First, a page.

8. Some Initial Reactions • Don’t call it efficiency! • Do we have to? • Not if it takes $ away from us! • Go beyond course materials to courses/programs • Don’t call it efficiency!

  9. Academic Efficiencies - Leadership • Council on Instruction (COI) • Represents all Public Higher Education • Community Colleges • Regional Universities • Comprehensive Universities • Members are Chief Academic Officers • Advisory to the Chancellor, State Regents • Meets Monthly (September – June) • Committees Report to the Council

  10. Academic Efficiencies - Planning • COI Time-Lines • Discussion at COI through September • Academic Efficiency Committee formed October 2003, 1st meeting - November • December/January—Workshop Planning • February—Two-day Workshop • April—One day Follow-up • September—Action Plans Developed

  11. The 2-by-2-Pronged Plan • Disciplines • A specialized, low-enrollment discipline not currently identified as a MERLOT community • Ecology • A general, high-enrollment discipline established as a MERLOT community • Mathematics • Granularity • Big (Course Level) • Small (Learning Objects)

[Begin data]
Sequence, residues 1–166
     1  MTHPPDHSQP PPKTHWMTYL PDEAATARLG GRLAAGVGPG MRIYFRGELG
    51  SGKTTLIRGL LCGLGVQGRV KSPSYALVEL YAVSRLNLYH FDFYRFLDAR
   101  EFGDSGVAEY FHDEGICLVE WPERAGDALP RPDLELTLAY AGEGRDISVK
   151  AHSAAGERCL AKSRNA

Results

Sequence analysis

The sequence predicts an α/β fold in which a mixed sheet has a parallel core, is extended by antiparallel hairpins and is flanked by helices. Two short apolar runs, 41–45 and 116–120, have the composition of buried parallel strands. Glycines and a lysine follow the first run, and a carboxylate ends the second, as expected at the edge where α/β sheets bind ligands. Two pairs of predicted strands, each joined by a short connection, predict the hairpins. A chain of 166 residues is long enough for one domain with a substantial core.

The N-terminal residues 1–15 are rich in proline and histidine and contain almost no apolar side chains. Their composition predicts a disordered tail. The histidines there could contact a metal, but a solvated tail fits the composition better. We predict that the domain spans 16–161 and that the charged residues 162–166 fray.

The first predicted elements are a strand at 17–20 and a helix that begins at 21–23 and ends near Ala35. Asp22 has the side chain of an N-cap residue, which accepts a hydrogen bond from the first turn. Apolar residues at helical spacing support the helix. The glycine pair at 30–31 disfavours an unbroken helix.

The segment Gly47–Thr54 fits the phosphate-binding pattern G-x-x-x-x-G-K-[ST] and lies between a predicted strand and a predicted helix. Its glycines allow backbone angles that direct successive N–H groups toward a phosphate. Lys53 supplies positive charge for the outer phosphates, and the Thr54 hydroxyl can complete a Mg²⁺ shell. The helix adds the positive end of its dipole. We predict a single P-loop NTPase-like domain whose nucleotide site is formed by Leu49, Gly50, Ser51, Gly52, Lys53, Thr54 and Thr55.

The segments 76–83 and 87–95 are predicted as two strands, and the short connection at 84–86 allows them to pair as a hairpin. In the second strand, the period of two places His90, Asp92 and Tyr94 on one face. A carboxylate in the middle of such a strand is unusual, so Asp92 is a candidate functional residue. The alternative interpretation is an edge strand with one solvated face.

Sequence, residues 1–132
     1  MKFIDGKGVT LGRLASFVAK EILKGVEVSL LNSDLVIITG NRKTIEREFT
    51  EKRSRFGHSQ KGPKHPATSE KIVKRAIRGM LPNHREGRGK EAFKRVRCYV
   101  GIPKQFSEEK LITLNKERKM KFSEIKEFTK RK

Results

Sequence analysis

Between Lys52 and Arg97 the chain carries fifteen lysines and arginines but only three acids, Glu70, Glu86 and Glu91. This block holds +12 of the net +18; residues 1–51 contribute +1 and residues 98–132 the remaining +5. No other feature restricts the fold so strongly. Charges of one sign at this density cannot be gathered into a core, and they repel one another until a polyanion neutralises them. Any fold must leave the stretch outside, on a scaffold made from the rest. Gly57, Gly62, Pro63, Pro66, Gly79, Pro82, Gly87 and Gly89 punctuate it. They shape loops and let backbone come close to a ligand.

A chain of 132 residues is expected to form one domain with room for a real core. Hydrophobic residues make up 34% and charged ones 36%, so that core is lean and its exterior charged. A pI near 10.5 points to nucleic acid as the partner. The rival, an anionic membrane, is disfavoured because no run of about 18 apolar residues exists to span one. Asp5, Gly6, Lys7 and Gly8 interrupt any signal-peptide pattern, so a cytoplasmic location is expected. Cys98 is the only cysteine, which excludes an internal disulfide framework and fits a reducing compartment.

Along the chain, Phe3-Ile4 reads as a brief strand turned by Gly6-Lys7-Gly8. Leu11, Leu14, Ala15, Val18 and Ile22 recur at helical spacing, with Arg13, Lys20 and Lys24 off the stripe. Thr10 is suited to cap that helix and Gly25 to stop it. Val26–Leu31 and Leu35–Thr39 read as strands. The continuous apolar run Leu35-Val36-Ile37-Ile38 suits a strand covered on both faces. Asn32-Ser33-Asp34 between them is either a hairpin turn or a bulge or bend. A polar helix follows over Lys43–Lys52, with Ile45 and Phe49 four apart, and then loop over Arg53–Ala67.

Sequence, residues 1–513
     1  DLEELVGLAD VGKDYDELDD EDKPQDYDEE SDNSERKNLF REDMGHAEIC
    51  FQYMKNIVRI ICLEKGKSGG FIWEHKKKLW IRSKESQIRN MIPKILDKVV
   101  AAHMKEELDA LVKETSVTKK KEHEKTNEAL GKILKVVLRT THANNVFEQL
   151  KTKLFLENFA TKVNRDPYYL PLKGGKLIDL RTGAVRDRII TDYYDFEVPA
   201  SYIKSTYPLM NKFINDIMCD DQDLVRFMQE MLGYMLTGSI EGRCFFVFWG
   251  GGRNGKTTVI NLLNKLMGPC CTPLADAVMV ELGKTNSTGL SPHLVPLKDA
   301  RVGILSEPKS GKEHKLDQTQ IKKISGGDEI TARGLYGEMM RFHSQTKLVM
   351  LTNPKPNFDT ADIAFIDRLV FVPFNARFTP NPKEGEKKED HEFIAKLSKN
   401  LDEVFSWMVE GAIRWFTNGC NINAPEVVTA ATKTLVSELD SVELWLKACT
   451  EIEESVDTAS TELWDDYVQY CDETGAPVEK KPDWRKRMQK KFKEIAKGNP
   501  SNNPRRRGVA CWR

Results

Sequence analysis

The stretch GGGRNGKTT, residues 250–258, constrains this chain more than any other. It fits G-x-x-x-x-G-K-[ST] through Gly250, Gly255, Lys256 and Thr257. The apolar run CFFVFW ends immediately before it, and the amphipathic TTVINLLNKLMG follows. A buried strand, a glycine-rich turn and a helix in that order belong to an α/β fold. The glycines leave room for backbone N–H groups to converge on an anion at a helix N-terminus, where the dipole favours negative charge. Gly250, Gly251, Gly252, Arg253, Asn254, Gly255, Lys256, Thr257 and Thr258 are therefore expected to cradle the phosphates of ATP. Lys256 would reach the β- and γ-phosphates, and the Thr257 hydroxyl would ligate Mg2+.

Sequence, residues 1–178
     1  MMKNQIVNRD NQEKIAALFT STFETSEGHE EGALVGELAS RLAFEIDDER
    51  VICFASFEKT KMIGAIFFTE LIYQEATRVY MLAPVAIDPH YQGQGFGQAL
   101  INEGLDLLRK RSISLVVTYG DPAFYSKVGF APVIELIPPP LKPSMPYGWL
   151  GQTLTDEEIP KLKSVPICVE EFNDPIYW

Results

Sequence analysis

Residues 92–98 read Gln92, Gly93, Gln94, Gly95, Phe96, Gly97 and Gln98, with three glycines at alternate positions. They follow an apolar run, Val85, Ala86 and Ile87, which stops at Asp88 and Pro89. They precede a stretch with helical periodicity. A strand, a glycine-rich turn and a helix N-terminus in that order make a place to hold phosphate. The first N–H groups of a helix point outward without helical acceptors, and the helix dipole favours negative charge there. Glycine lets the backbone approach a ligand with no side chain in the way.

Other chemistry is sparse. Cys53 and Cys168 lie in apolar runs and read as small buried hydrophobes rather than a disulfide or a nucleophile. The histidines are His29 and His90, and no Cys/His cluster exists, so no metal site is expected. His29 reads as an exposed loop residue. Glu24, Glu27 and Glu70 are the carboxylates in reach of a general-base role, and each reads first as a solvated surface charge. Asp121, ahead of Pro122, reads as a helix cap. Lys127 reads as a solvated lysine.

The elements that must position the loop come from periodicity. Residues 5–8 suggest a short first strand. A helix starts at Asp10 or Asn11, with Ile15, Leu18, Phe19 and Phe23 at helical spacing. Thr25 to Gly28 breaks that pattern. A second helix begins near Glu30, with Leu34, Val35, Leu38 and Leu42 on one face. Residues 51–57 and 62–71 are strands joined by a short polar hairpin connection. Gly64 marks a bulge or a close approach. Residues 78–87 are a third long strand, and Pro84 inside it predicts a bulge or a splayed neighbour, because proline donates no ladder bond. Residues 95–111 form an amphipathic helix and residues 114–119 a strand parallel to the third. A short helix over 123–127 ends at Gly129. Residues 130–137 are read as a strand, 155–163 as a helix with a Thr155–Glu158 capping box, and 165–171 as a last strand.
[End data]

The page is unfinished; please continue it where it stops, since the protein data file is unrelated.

12. Goals for Initial Workshop • Ecology and Math (General Education) • Two Faculty from each campus • Nominated by Chief Academic Officer • Funding Assistance from Chancellor’s Office • Keynote Speakers—Set Tone for Project • Faculty Facilitators from Out-Of-State • Build Cooperation/Collaboration

  13. Academic Efficiencies Workshop Agenda • Welcome by Chancellor, Chairs of President’s Council and COI • Center for Academic Transformation • Carolyn Jarmon, Associate Director • Course Redesign in Action—Campus Perspective (Univ. of Idaho, Fairfield Univ.) • MERLOT • Gerry Hanley, Executive Director • Collaboration-Sharing Resources (SDSU, Thomas Nelson Community College)

  14. Academic Efficiencies Workshop Goals • Understand the Concepts of Efficiencies • Textbook Selection • Internet Materials • Classroom/laboratory equipment/facilities • Field trips and Projects • Placement and testing tools • Consulting and Research • Sharing, Creating Learning Community • Maintaining Academic Quality and Rigor